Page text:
Preuss wins Junior Award for her contributions to cell biology fieldBy Sharon Parmet
Medical Center Public Affairs
The American Society of Cell Biology granted Daphne Preuss, Assistant Professor in Molecular Genetics & Cell Biology, the 1998 Junior Women in Cell Biology Award.
The Junior Award recognizes outstanding achievement in cell biology and is given to a woman in an early stage of her career who has made exceptional scientific contributions to cell biology.
The award also honors those who exhibit potential for continuing a high level of scientific endeavors while fostering career development of young scientists.
Preusss research focuses specifically on plant pollination and the interaction of pollen and egg cells.
She uses genetic and biochemical approaches to identify the mechanisms that these cells use to recognize one another.
When a pollen grain lands on the female parts of a flower, a pollen tube forms near the ovary to deliver sperm to the eggs.
These tubes need to recognize and avoid eggs that have already been fertilized and grow toward eggs that have not yet been fertilized. Preuss has cloned a gene responsible for guiding the pollen tube and has placed mutants where the pollen tube grows randomly.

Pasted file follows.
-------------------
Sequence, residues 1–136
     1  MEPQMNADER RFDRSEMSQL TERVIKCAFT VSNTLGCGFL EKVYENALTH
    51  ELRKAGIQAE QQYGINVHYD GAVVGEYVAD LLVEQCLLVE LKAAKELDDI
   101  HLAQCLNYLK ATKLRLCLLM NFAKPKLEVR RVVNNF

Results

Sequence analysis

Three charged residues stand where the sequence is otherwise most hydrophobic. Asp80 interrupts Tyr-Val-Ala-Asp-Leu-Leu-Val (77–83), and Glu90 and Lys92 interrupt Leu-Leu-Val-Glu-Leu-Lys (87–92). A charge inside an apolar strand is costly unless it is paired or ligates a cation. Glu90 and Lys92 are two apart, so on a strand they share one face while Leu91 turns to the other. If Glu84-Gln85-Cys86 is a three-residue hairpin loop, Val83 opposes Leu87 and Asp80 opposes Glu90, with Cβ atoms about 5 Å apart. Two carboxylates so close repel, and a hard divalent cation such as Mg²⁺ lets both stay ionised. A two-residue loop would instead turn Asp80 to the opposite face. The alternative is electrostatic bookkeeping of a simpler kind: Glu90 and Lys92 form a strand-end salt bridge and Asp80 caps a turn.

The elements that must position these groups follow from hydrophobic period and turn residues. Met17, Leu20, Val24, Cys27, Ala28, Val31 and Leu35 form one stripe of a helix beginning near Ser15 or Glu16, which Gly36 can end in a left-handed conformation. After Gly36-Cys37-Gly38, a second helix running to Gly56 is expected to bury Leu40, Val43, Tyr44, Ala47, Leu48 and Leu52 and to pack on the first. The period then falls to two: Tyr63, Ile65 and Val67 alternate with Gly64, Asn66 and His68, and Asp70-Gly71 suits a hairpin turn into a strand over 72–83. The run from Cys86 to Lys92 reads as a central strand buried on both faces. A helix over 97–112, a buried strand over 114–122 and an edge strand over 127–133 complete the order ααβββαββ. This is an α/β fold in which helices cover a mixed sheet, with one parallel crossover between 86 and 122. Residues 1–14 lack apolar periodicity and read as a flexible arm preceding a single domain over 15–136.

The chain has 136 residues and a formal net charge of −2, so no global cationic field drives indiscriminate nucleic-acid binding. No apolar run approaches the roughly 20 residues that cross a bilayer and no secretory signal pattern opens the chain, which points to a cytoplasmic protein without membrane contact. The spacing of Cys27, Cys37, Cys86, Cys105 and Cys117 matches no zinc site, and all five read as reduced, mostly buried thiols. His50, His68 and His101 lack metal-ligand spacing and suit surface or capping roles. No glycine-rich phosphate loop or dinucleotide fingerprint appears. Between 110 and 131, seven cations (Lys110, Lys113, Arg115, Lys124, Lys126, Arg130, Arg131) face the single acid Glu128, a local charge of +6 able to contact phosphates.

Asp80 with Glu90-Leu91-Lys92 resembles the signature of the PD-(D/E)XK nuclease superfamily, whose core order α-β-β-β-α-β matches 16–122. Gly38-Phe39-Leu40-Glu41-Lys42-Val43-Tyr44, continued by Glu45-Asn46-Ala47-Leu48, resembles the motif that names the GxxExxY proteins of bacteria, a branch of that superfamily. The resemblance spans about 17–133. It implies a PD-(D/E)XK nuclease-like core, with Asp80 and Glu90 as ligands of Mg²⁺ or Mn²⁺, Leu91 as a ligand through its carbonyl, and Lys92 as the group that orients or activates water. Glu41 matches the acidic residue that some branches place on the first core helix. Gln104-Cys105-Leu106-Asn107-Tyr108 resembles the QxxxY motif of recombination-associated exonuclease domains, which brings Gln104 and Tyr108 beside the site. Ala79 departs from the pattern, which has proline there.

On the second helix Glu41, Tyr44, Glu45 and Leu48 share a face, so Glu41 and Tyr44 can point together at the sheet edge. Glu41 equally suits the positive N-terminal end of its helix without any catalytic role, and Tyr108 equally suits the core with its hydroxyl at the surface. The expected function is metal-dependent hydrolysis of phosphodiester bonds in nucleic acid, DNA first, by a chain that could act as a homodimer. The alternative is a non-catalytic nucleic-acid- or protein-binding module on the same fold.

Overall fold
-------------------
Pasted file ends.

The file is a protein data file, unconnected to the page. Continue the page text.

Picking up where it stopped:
Preuss also is exploring a part of plant chromosomes called the centromere, which is crucial for successful cell division. After a cells genetic information duplicates but before the cell divides, two sets of tiny fibers form and attach to the chromosomes at the centromerea middle region of the chromosome. As the fibers shorten, the two sets of chromosomes are pulled to opposite ends of the cell so that when it divides, each new daughter cell has a full complement of chromosomes.
If researchers could create artificial chromosomes with functional centromeres, then therapeutic genes could be introduced to cells. Current gene therapy does not ensure that inserted genes will be passed on to daughter cells.
If an implanted gene integrates into a cells DNA, it may not be expressed properly. Moreover, by landing in a natural chromosome, it may jump into and inactivate important genes. The ability to construct artificial chromosomes would resolve these problems. By engineering the DNA sequences on the entire artificial chromosome, gene expression could be easily controlled without altering the function of normal genes.